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What We Learned from the Battle of Taranto

By Joseph F. Callo
7/3/2017 • Military History Magazine

The 1940 British attack on the Italian naval base at Taranto had a significant impact on the early stages of World War II in the Mediterranean. It also had implications that went far beyond that time and place.

Among Britain’s objectives was the preservation of Malta as an operational hub in the Mediterranean. For their part the Italians needed to preserve the battleships, cruisers and destroyers that supported Italian ground operations in North Africa, while also threatening British logistics in the theater.

Those conflicting military objectives collided at Taranto on Nov. 11, 1940. The British night attack involved 21 Fairey Swordfish biplanes, launched in two waves from the Royal Navy carrier HMS Illustrious. Some aircraft were armed with torpedoes, others carried bombs. The torpedo attacks sank one Italian battleship and heavily damaged two others, and a heavy cruiser and several destroyers took bomb hits. It was an impressive score for a vintage aircraft the British affectionately dubbed the “Stringbag” for the variety of weapons and other gear it could carry.

Prime Minister Winston Churchill assessed the impact of the raid in the House of Commons:

The result, while it affects decisively the balance of naval power in the Mediterranean, also carries with it reactions upon the naval situation in every quarter of the globe.

In light of widespread skepticism at the time about the viability of carrier-based airpower, the comment of Admiral Sir Andrew Cunningham, British commander in chief in the Mediterranean, was perhaps more noteworthy:

Taranto and the night of November 11–12, 1940, should be remembered for ever [sic] as having shown once and for all that in the Fleet Air Arm the Navy has its most devastating weapon.

In fact the balance of naval power in the Mediterranean was not altered as radically as Churchill claimed. Yes, Malta remained a crucial British base, but it faced continuous threat by land-based Italian and German aircraft, as did the shipping that supported it. In addition, the Italians maintained the basic integrity of their fleet and logistic support of their North African operations.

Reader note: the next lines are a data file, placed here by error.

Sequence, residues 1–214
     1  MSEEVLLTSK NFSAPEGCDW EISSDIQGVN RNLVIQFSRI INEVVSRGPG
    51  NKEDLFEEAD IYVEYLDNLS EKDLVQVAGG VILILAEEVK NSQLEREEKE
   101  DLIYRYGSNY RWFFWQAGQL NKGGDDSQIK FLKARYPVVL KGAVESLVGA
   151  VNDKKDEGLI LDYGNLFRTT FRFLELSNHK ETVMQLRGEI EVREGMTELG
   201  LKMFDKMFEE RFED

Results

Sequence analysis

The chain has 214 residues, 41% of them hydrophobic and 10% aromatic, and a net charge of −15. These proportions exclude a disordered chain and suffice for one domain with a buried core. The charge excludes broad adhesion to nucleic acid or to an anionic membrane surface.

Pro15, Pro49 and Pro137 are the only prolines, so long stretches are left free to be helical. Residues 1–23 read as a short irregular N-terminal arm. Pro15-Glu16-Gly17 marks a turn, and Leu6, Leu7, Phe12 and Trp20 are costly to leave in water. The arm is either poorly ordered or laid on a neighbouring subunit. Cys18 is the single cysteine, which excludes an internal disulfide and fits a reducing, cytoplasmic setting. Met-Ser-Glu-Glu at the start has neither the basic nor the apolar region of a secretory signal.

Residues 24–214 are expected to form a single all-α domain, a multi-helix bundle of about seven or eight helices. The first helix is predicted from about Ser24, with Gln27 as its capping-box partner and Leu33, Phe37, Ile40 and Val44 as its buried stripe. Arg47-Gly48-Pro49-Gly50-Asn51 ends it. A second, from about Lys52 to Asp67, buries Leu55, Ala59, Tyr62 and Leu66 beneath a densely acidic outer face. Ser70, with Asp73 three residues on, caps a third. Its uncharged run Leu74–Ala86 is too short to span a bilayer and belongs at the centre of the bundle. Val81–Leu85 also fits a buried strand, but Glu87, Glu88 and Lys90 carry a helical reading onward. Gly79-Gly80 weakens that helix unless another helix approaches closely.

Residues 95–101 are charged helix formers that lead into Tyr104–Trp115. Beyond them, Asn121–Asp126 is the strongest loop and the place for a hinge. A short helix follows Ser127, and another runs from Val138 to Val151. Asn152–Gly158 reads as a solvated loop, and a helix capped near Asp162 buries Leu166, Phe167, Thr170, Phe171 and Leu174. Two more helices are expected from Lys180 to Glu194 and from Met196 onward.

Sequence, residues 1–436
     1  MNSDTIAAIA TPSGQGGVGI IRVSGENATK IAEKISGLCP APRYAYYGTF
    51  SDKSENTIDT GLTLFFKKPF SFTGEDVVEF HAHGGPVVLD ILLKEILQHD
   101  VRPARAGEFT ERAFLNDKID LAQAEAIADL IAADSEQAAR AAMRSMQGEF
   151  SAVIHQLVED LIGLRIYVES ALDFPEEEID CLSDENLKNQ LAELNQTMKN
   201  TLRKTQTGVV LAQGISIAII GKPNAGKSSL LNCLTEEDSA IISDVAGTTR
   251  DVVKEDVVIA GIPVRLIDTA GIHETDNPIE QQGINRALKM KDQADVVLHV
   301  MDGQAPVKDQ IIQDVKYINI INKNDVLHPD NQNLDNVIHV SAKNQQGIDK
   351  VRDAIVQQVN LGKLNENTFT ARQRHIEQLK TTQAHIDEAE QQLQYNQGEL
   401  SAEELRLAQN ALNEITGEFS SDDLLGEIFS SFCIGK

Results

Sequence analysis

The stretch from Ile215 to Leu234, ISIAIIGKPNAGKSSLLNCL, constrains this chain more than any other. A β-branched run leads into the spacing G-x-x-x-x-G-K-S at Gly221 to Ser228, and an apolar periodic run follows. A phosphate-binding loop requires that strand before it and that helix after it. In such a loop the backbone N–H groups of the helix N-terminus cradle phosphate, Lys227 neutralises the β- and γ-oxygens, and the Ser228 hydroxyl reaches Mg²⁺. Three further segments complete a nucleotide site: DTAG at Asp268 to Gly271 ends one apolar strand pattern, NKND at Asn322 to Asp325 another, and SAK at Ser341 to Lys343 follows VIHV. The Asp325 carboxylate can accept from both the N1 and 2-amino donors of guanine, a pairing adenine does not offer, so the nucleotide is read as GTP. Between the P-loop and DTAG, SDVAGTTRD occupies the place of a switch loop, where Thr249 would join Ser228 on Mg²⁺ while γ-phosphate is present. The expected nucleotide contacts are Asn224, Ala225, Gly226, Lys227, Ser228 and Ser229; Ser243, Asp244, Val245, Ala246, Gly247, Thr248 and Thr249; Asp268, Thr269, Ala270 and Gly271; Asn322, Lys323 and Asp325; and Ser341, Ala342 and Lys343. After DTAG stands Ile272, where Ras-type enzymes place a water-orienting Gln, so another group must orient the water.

In the long view of history, however, the Battle of Taranto changed the face of naval warfare forever. It signaled the replacement of the battleship by the aircraft carrier as the centerpiece of naval forces and an accompanying shift in naval tactics and strategies. The Dec. 7, 1941, Japanese attack on Pearl Harbor ferociously confirmed that transition. Of greatest historical significance, however, tactical airpower projected by sea quickly became a crucial component of U.S. national power, and more than seven decades later that special element of global power remains in full force.

Lessons:

■ As the torpedoes and bombs exploded at Taranto, so did the traditional naval combat doctrines based on the big guns of battleships.

■ New technologies and the new tactics they enable can be surprisingly effective in applying ancient military maxims, such as Sun-tzu’s advice to “appear where you are least expected.”

■ Never underestimate the troublemaking capacity of a naval aviator at the controls of an aircraft—even one he jokes about—attached to a torpedo or bombs.

■ Surprise remains an invaluable force multiplier in naval warfare, whether you’re talking about triremes or ballistic missile submarines.

■ Admiral Lord Nelson’s combat doctrine—“the boldest measures are the safest”—articulated before the Battle of Copenhagen in 1801, is timeless.

■ Others will mimic a successful tactic: What worked at Taranto was even more effective at Pearl Harbor.

 

Originally published in the July 2013 issue of Military History. To subscribe, click here.

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